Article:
Picking stocks in a bull market is so easy the GEICO caveman could do it. After all, when the broader market indices, like the S&P 500, trade at average price-to-earnings (P/E) and price-to-sales ratios (P/S) of 24.4 and 2.2, respectively, just about every stock in the index is rising.
Of course, buying a market with such high multiples is fraught with danger. Both ratios are at extreme levels. In fact, the sales-to-price ratio is at its all-time high.
What’s An Investor To Do?
Investors really have two options to deal with an overpriced and volatile market. First is to sell their positions and move to interest-bearing securities. And while this may have worked in the past, moving money into bonds and preferred stock is actually more dangerous than the stock market right now.
You see, the Fed intends to raise interest rates at least two more times — possibly three — in 2018. And because bond prices are inverse to interest rates, when interest rates go up, bond prices go down.
It’s the opposite of what happened in 1983 when interest rates started falling. It fueled a bond rally that lasted more than three decades. But that rally created a fundamental problem. You see, when a rally lasts that long, investors start believing bonds are ultra-safe investments. But they aren’t. Bonds lose significant value as interest rates increase — especially higher-yielding bonds.
A Better Option
A second option for investors concerned with high valuations is moving money to stocks that pay dividends. After all, academic research is clear that dividend-paying stocks help ease the pain of market volatility.
But that doesn’t solve the problem of finding actionable dividend stocks in an overpriced market. Finding a dividend stock at or below fair value is a tough job, but that doesn’t mean those stocks aren’t available. In fact, investors need not look any further than The Walt Disney Company (NYSE: DIS).
Any chart technician can look at the above chart and see that the company is struggling to break out of its 3+ year channel. But what’s interesting about the stock is what the chart doesn’t show.
You see, the stock is trading at just 13.1 times its fiscal 2019 earnings. And the last time the stock was this undervalued was way back in 2016. So what happened then? In just a few months, the stock rocketed up more than 26% by early 2017.
We’re likely to see another price spike again, but this time it will likely continue higher. That’s because analysts expect Disney’s earnings to rise by 21% this year to $6.89. By next year, earnings could rise another 20% to $8.49. Based on these numbers, if Disney stock returns to its average 16.5 times forward earnings estimate, the stock could hit $140 very soon.
Now, many analysts believe a return to 16.5 forward earnings for Disney stock is a bridge too far. I don’t think so. Here’s why…
Disney has an enterprise value (EV) of about $172 billion. The company’s trailing operating cash flow is $13.3 billion. Subtracting its capex spending, the company has $9.7 billion of free cash flow (FCF). Remember, FCF is the cash left over after paying the bills.
That means the company is trading at just over 17.7 times FCF — a 21.8% discount to its 10-year average. And given the average EV/FCF ratio in the S&P 500 is roughly 26 means that Disney is trading at a 32% discount to the market.
I think when Mr. Market realizes his mistake in valuing Disney stock, the 16.5 times forward earnings level won’t be so hard to accomplish.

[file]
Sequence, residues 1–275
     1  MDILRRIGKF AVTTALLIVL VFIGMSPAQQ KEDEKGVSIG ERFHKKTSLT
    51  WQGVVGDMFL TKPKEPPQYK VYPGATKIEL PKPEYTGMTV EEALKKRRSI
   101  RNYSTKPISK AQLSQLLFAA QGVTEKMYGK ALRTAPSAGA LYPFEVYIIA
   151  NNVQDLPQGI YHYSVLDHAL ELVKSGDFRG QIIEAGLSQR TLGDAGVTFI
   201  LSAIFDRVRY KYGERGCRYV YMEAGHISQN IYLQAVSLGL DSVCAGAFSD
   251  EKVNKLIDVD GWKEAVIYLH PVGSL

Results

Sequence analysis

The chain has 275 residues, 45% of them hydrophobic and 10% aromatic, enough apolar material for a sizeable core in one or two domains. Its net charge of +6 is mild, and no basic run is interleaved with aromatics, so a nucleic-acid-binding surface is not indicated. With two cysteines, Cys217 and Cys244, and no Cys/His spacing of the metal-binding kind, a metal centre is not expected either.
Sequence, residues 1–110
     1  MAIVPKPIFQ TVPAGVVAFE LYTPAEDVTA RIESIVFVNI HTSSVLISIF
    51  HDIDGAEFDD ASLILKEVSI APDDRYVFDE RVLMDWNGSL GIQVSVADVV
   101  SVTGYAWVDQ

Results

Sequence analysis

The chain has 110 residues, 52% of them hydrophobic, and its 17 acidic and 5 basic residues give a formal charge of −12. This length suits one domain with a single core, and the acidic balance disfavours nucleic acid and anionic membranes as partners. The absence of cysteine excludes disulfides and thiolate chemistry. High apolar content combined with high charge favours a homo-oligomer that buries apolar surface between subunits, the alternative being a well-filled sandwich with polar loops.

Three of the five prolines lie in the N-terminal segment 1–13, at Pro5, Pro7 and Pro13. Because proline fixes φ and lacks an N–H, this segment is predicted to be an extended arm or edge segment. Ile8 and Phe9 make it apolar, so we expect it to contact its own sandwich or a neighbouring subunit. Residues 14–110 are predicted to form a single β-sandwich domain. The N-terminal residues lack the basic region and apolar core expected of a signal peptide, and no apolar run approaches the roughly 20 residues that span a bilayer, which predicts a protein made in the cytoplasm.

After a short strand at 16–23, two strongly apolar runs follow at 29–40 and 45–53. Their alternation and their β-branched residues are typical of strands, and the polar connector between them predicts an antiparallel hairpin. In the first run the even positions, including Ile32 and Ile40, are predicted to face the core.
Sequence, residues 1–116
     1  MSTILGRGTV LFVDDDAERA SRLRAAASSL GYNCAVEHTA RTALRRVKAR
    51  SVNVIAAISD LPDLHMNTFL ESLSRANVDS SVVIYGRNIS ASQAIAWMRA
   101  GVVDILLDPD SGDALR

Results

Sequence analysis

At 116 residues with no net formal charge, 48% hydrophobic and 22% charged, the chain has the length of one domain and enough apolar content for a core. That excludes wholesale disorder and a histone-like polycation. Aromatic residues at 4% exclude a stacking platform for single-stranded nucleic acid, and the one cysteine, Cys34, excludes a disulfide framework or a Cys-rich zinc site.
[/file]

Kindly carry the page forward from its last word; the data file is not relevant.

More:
Disney operates in four segments: Consumer Products, Studio Entertainment, Parks and Resorts, and Media Networks. Consumer Products generates about 9% of the company’s revenues and Studio Entertainment provides another 15% of revenue. These slow growth segments will do almost nothing to help the stock price move higher.
That’s okay, because Disney will grow from its other two segments. Parks and Resorts own some of the most popular vacation and tourist destinations on the planet. More than 145 million people visited Disney’s attractions worldwide in 2017. In the same year, the parks segment saw an 8% increase in revenues to $18.4 billion.
This segment generated 33% of total revenues to the company and accounted for 26% of the company’s operating profits. Better yet, parks will likely match its 2017 growth numbers in 2018 — pushing revenues to approximately $19.8 billion and operating income to $4.1 billion.
But its biggest segment is media networks. And this is the engine to drive Disney higher. You see, last December Disney announced a bid for 21st Century Fox (Nasdaq: FOX) to be funded with Disney stock. The deal should close in late 2018 or early next year.
As it stands, the deal will give Disney control of 20th Century Fox Film Studio, 20th Century Fox Television, Cable Assets, Hulu, Sky, and 50% of Endemol Shine Group, the producer of hit shows such as Big Brother, The Biggest Loser, and Fear Factor.
Media Networks generated 42.6% of Disney revenues and 47% of its operating profits. And with the merger between Disney and Fox, this segment will do even better in 2019 and beyond. Best of all, the deal is almost immediately accretive to Disney’s bottom line.
In short, Disney is (finally) a buy!
Risks To Consider: The Disney-Fox merger isn’t a done deal yet. And that means there’s always the possibility that regulators could nix the deal in total or in part. If the deal is nixed by regulators, the company’s growth numbers will be lower — although not enough to dim Disney’s long-term thesis as an undervalued asset.
Action To Take: Buy shares of Disney up to $110. Mitigate your risk by applying no more than 3% of your portfolio into shares of DIS. This is a long-term investment, so expect to hold shares for five years or longer. Use a 25% trailing stop on your position.
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